At Norman, the new president met with discouraging circumstances on every hand. By the end of January his enrollment











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had sunk to about fifty students.19 McDaniel, his predecessor, had started a school of his own in the Williams Building and many of his former students rejoined him at his new location. Others later withdrew from the college, expressing their intention to enroll at the University on the other side of town.20 The college building on the new site was far from completion. By March, the walls were up, but the committee in charge were still short of funds and urgently appealing for further aid from the citizens of Norman. Editor E. P. Ingle of the Transcript joined in the new appeal, insisting that "The maintainence of the school at this period is of inestimable value, and our people should respond in a liberal measure until the institution is on a sound basis.21 The third year of the college closed with the new building still unfinished. The Transcript, in a front-page editorial, expressed the fear that "unless the building is completed by fall, the M. E. Trustees will consider its obligation to the town unfulfilled, and turn to some other town that offers better inducements than Norman."22

While work on the new building was lagging behind, Worley was pushing the erection of his own, a girls' residence hall not far from the main structure. By the middle of June he was able to announce with a measure of satisfaction the actual completion of the college storm-cellar, thirty feet long and twelve wide, near the main building.23

Shortly after the beginning of the fourth year, the school moved out of its old quarters at the Methodist Church to occupy the new building, now christened High Gate College because of its commanding location at the eastern entrance to the city. The college building was ninety feet long, forty-four wide, and three stories high. The first story was of native stone, the second of pressed brick, and the third was formed by a Mansard roof, with projecting windows on front and rear. The residence hall, when completed, was to be occupied by President Worley and wife, "who would give their personal supervision to the Boarding Department." The school would be divided into three departments:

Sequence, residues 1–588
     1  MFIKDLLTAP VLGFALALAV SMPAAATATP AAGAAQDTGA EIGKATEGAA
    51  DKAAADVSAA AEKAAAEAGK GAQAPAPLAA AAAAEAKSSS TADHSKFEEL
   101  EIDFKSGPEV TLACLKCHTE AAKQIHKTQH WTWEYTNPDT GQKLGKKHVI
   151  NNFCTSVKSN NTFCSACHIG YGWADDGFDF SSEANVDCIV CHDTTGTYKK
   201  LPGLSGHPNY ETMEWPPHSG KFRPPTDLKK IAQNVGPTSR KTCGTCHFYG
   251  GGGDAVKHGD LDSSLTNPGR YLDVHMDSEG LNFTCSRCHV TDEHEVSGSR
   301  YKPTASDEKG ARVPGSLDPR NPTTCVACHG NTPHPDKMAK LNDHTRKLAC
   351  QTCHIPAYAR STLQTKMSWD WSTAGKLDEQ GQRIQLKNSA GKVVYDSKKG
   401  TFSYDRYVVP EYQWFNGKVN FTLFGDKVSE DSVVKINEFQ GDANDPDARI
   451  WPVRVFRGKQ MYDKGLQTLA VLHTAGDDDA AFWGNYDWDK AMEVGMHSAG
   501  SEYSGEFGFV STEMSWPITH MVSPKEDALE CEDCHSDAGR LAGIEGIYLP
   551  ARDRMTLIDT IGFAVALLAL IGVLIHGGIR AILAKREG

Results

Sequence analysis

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preparatory, grammar-school, high school and collegiate; the latter including music and art.24

From now onward, High Gate would be open to girls only. Worley appears to have envisaged an institution of a conservative, exclusive type, as well as one free from the laxity in morals so commonly charged to co-educational schools, and to state supported colleges in particular. Stringent rules were accordingly laid down for High Gate students; "Young ladies desiring to have a good time will not find this institution to their liking." Students would not be allowed to attend "places of amusement," and all correspondence with persons outside the school would be subject to examination by the college authorities.25 Even a code governing the conduct of faculty members is said to have been promulgated, one rule of which required that male members, when appearing on the street, should wear a silk tie and Prince Albert coat.26

Scarcely had the school settled down in its new quarters, under a revised policy, when there began a movement profoundly affecting local opinion with respect to the maintainance of denominational colleges, and of High Gate in particular. On the other side of town, President Boyd was battling with grave problems in his own institution. The University had entered its second year with still a mere handful of students, only one of whom was of true collegiate rank. Criticism was being leveled at the University by members of the Legislature, and others, as being an institution for which there was no real demand—as an expensive luxury maintained by the Territory for the benefit of the few.27 But if the University appeared to many as an expensive luxury; to Boyd the establishment of colleges by the various denominations, in this new and undeveloped region, seemed an even greater superfluity. Boyd was determined "to stop their attempts" by substituting a novel plan for theirs." He would so improve the advantages at the University as to convince the public that it would be able to give to the student everything that the denominational